is from So Hyun Kim and colleagues  and looked at the rather interesting topic of differing symptom trajectories in the context of diagnosing autism. The second paper by Sally Ozonoff and colleagues  follows in a similar vein in terms of their analysis of children "who had undergone multiple comprehensive assessments in preschool and were determined to be ASD [autism spectrum disorder]-negative, only to meet criteria for ASD when tested in middle childhood."
Both these paper originate from well-respected autism research groups and appear in the same respected journal (Journal of the American Academy of Child & Adolescent Psychiatry). The common theme between them is that within the significant heterogeneity seen under the label of 'autism', there are various different developmental and presented symptoms trajectories, some of which (a) are not as stable as one might imagine, and (b) do not seemingly follow the oft-used assertion that 'autism is present and manifests from birth'. Indeed, on that last point, the implications are that autism is sometimes very much associated with regression (see here) and onward, that genetic and/or non-genetic post-natal factors may very well influence some children reaching clinical cut-off thresholds for a diagnosis of autism (see here for example).
So, to the Kim paper first: authors looked at over 900 "observations of the Autism Diagnostic Observation Schedule (ADOS)" from nearly 150 young children. They were specifically looking at symptoms trajectories based on those ADOS scores and whether or not 'clusters' of similar symptom trajectories were evident. The answer: yes, yes there were some different clusters of symptom trajectories noted. Not six developmental trajectories as per other research (see here) but four clusters: "Nonspectrum ∼25%; Worsening ∼27%; Moderately-Improving ∼25%; Severe-Persistent ∼23%)." Authors also report how: "Trajectory clusters varied significantly in the proportions of confirmatory ASD diagnosis, the level of baseline and final verbal/nonverbal abilities, and symptom severity."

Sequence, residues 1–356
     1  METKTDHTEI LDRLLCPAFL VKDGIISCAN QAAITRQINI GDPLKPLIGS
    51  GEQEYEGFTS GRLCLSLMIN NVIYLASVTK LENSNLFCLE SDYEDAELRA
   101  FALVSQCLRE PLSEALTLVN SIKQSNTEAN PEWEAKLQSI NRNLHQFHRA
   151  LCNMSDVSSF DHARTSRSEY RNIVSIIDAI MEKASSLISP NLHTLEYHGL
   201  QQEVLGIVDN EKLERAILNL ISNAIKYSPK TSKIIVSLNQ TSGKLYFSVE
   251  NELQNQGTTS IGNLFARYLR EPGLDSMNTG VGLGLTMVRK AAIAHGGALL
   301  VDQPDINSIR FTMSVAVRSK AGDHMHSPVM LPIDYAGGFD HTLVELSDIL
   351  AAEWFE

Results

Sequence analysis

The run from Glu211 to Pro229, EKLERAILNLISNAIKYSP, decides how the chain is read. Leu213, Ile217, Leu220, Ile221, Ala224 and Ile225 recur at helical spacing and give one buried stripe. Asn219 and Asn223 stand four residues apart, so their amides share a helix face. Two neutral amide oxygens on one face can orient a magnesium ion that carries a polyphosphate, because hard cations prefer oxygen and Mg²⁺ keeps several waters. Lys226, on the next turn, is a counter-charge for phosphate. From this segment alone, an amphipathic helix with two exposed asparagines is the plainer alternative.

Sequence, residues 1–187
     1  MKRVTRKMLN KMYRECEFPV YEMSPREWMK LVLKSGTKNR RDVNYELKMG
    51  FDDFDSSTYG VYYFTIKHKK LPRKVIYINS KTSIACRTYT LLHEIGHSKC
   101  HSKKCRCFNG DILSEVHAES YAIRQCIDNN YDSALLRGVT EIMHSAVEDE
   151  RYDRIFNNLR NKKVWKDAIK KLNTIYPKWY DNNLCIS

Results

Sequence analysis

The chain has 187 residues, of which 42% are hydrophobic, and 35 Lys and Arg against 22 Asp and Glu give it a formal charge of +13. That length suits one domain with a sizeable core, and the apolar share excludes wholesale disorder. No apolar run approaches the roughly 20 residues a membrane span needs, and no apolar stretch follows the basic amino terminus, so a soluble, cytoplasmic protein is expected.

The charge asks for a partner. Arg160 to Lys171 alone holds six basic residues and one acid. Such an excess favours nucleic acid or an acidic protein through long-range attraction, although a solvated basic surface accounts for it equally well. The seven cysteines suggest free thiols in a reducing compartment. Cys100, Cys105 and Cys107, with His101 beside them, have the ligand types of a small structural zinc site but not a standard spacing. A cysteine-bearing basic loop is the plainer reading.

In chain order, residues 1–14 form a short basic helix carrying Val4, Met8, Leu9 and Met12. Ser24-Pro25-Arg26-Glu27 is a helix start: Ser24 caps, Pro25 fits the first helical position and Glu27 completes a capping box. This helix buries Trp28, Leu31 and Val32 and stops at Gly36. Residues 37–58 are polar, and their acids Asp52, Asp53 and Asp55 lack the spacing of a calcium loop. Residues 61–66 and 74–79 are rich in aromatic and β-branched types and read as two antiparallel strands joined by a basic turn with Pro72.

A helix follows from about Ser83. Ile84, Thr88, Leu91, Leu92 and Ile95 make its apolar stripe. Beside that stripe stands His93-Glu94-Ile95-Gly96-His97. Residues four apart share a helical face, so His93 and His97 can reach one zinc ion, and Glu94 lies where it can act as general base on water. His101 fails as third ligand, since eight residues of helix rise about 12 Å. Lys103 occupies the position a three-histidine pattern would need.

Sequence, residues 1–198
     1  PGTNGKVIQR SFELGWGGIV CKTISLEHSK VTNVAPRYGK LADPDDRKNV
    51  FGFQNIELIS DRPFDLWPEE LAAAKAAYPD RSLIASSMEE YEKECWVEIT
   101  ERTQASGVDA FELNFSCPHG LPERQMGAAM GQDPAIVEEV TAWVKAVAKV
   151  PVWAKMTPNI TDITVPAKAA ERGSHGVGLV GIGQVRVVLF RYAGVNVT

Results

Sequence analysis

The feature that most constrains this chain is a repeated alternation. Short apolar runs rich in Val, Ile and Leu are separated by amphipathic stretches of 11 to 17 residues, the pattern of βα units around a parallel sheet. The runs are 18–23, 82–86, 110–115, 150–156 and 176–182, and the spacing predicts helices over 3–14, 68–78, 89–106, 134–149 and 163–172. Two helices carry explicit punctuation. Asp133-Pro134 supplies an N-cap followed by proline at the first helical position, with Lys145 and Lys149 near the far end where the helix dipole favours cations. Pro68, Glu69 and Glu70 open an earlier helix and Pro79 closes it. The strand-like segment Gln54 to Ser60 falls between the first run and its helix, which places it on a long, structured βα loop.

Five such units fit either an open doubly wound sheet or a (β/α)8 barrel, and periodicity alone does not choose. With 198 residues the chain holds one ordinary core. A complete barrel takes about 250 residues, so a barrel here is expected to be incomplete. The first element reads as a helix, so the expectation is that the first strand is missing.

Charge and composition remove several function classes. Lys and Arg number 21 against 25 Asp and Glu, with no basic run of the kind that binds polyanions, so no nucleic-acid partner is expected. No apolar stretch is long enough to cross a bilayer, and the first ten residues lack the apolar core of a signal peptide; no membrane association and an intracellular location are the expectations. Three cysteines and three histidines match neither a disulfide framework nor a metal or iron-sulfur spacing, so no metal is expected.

Then to the Ozonoff paper: "Fourteen children met inclusion criteria for the Late Diagnosed group and were compared to a large sample of high- and low-risk siblings from the same sites who had ASD or typical development (TD) outcomes at age 3." Authors focused in on these 14 children and concluded that: "Seven showed very little evidence of ASD in preschool, while seven demonstrated subtle, subthreshold symptomatology." They also suggest that their results identifying a small but important group of children who seemingly first present with 'typical' behaviour but then 'grow into' the presentation of autism "shed light on reasons why the mean age of ASD diagnosis remains over 4 years." Indeed (see here).
I don't really need to say much more than I have already on these studies. Aside that is, from reiterating that the autism spectrum is truly wide and heterogeneous in both symptom presentation and also it seems, with regards to symptom onset and stability too. Alongside other research (see here) talking about how the presentation of autistic signs and symptoms wax and wane for some, I'm wondering when autism research is going to start looking beyond just presented behaviour, at whether for example, genetic and biological 'changes' might accompany such fluidity in behaviour and 'cluster' differences. Y'know, the same way that another group seemingly heading in the opposite direction - those who 'lose their diagnosis' (see here and see here) - also need to be closely investigated from a biological point of view too. It's only when we have such biological data that we can then start meaningfully probing the possible hows-and-whys...
 Kim SH. et al. Variability in Autism Symptom Trajectories Using Repeated Observations from 14 to 36 Months of Age. Journal of the American Academy of Child & Adolescent Psychiatry. 2018. Sept 5.
 Ozonoff S. et al. Diagnosis of Autism Spectrum Disorder After Age 5 in Children Evaluated Longitudinally Since Infancy. Journal of the American Academy of Child & Adolescent Psychiatry. 2018. Sept 3.